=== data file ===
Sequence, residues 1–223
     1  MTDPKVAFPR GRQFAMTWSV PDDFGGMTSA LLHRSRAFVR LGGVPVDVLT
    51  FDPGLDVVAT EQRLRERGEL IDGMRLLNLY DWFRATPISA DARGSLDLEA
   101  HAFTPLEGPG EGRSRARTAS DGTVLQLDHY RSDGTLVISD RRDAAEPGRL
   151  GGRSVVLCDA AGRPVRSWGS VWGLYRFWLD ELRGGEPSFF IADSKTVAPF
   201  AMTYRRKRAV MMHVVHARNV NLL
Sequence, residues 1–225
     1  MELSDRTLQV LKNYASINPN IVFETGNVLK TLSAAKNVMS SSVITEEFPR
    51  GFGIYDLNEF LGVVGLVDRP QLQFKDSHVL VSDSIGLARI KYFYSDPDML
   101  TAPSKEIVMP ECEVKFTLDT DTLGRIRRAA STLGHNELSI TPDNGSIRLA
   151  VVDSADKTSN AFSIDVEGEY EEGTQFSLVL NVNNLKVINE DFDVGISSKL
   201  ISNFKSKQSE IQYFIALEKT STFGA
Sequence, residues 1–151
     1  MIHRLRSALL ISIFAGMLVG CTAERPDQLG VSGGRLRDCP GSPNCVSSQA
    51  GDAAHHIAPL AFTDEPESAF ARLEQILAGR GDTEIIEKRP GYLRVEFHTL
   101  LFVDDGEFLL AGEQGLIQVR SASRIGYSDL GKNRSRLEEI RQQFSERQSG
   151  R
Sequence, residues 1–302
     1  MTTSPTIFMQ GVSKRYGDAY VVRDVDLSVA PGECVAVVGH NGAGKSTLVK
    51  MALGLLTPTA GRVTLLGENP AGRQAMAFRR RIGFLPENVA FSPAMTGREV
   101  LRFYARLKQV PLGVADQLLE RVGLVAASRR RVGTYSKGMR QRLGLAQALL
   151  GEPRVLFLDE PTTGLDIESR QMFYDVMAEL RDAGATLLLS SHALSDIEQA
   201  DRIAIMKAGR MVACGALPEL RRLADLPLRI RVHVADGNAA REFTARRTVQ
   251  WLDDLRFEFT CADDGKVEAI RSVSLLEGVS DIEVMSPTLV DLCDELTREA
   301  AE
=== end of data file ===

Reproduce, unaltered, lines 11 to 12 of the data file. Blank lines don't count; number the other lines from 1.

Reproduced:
   151  VVDSADKTSN AFSIDVEGEY EEGTQFSLVL NVNNLKVINE DFDVGISSKL
   201  ISNFKSKQSE IQYFIALEKT STFGA